Discover more from Traipsing About
Two years of learning everything with Anki
Plus graceful death and good sleep.
Howdy! Welcome back to Traipsing About, a newsletter about reclaiming creativity and ditching tired personal paradigms. If you’re in the U.S., I hope you aren’t freezing your toesies off TOO badly in this latest winter onslaught.
On another note, a favorite neighbor of ours, Lee, passed away yesterday. He was a cheery, witty, kind human, just the best. I’ll fondly remember chatting in his garden and soaking up stories of adventures living abroad in Nepal, Africa, and Argentina. He will be missed like all heck by our tightly-knit neighborhood.
I am deeply inspired by the way he and his wife Lynn handled things, openly sharing both the joy and pain toward the end of Lee’s life and not clinging to last-ditch medical interventions. I hope to approach death with such powerful equanimity. I’m so sad he’s gone, and also grateful for this example of how to die with grace at home, surrounded by friends and family to the last breath.
As a perfect sendoff, the neighborhood rallied for an upbeat New Orleans second line parade with music, noisemakers, goofy hats, and much merriment. Take care out there, Lee.
This week on Anki-ing About, Edition #119:
Two years of Anki
There’s no way these happened at the same time
Fabulous sleep tips from Stanford
Traipsing Tidbits: ChatGPT, a baby review, bird protection, and nomading
ICYMI: last newsletter I shared my blog post about bikepacking in the Oregon Coast Range.
Two years of learning with Anki
As James Clear wrote in Atomic Habits, “You do not rise to the level of your goals. You fall to the level of your systems.”
Well, my past efforts to learn a language fell apart because I didn’t have a system that allowed me to stay on top of phrases I’d learned or new concepts. After using a language during a trip, I’d fall off the study wagon.
The same thing happened with ANYTHING I wanted to remember.
Luckily, two years ago my questing friend Jono recommended Anki, a powerful tool whose name is derived from the Japanese word for memorization. People from medical school students to language learners to pilots to musicians use Anki to memorize, well, just about anything!
It’s essentially a smart flash card system that uses spaced repetition. I won’t go into the details here, but check out my tutorial blog post on how I set up Anki.
Anki works. By studying 15-30 minutes/day, I’ve memorized more than I thought possible. Initially it felt like a “should do,” but now it’s a daily ritual. A handful of minutes each day to build my knowledge and skills, brick by brick. I actually look forward to it!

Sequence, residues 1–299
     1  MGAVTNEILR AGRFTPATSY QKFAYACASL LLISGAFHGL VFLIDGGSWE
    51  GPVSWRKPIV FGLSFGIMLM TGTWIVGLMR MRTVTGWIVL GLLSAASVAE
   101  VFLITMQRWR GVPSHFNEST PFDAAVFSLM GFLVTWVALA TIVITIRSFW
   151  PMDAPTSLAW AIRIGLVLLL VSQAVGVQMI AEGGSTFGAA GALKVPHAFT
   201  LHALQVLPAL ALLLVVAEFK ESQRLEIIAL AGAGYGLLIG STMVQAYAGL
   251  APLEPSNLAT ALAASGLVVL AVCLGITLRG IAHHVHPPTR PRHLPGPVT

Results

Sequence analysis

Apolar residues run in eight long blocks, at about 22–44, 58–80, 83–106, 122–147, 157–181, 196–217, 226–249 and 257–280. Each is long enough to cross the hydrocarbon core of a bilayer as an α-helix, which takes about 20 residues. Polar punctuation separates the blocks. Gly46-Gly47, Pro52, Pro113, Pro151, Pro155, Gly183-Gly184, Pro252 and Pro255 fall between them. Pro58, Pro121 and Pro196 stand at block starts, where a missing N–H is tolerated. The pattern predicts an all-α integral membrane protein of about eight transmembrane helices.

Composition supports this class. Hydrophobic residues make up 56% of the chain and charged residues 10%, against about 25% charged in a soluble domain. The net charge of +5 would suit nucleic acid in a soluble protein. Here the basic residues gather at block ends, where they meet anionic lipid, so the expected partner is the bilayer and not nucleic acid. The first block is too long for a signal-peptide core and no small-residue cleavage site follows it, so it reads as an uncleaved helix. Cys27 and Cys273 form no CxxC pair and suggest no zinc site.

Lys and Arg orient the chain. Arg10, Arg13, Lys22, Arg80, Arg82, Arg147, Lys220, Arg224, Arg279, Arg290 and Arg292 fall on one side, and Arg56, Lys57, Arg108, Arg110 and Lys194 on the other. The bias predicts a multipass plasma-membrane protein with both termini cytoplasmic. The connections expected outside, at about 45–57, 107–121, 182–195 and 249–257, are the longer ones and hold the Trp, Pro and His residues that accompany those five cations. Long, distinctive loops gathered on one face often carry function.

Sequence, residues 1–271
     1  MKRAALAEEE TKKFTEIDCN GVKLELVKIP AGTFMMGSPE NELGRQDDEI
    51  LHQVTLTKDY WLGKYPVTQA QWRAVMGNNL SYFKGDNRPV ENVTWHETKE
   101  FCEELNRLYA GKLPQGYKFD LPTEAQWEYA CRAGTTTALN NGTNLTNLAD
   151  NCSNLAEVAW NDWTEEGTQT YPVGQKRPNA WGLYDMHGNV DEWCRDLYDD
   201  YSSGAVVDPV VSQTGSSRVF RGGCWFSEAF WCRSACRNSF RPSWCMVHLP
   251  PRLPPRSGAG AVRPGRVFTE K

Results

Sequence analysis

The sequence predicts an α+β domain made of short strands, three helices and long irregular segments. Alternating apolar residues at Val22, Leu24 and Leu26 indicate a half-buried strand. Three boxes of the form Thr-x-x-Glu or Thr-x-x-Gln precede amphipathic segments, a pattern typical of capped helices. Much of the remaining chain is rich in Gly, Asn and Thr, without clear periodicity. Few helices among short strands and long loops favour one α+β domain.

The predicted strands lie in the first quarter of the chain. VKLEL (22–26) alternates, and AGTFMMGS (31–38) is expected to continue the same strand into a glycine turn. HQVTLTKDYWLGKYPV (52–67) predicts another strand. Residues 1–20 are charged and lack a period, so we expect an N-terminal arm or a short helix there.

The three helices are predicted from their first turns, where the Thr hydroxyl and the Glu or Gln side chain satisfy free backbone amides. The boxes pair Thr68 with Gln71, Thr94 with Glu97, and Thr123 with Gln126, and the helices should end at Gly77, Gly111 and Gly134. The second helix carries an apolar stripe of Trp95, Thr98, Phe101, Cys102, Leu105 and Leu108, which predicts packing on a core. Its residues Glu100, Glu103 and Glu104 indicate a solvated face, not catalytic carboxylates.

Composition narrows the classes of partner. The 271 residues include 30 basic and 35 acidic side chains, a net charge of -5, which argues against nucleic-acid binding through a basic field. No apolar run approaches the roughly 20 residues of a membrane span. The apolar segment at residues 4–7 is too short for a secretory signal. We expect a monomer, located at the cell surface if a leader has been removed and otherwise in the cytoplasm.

Sure, there are devices in our pockets that can look anything up. But without knowing stuff, it’s tougher to understand context or pull threads together from disparate ideas and weave them together. For many things, be it writing, speaking a language, or playing an instrument, we need to memorize things.
My results after two years
In less daily time than most of us spend texting or scrolling online, here’s what I’ve learned (and, more importantly, retained) in two years. I share this not to brag, but to demonstrate the sheer power of Anki!
About 7,000 Italian vocab words (plus thousands of example sentences, conjugations and grammatical concepts) with an average 92% retention.
For language fluency, 8,000-10,000 words is a good target, which I’ve seen now that I can converse at an advanced B2 level. Future travels in Italy (or living there!) will up my game dramatically with such a strong foundation.
Another 1000+ Spanish words now that I feel solid with Italian, learning 20 words a day. (That’s 7000+/year, bit by bit!) Even better, relearning Spanish after forgetting my high school studies feels easy now with a Romance language under my belt. I bet I can achieve fluency in Spanish (or Portuguese, or French…) much faster. So motivating.
Famous musicians/composers and musical time periods
Music theory concepts, plus expressions like adagio or appoggiatura.
Difficult passages from piano and guitar songs I’ve learned and want to keep sharp.
English vocabulary, poker lingo, countries of the world plus US states (DelaWHERE?), Italian provinces, US presidents, wilderness first responder info…
The NATO phonetic alphabet (alpha, bravo, foxtrot, yankee…no more embarrassing moments trying to spell my name to a customer service rep!)
For book quotes from Kindle highlights, I use the fantastic service Readwise, which also uses spaced repetition, but syncs with my Kindle. I review a handful of my favorite quotes each morning, which adds up to thousands of quotes per year that I remember instead of wondering “did I even read that book?”
Wow, just putting all that in one list gets me fired up to continue using Anki! Such a powerful tool. I can’t tell you how motivating it is to have a system I’m confident will allow me to retain these concepts long-term.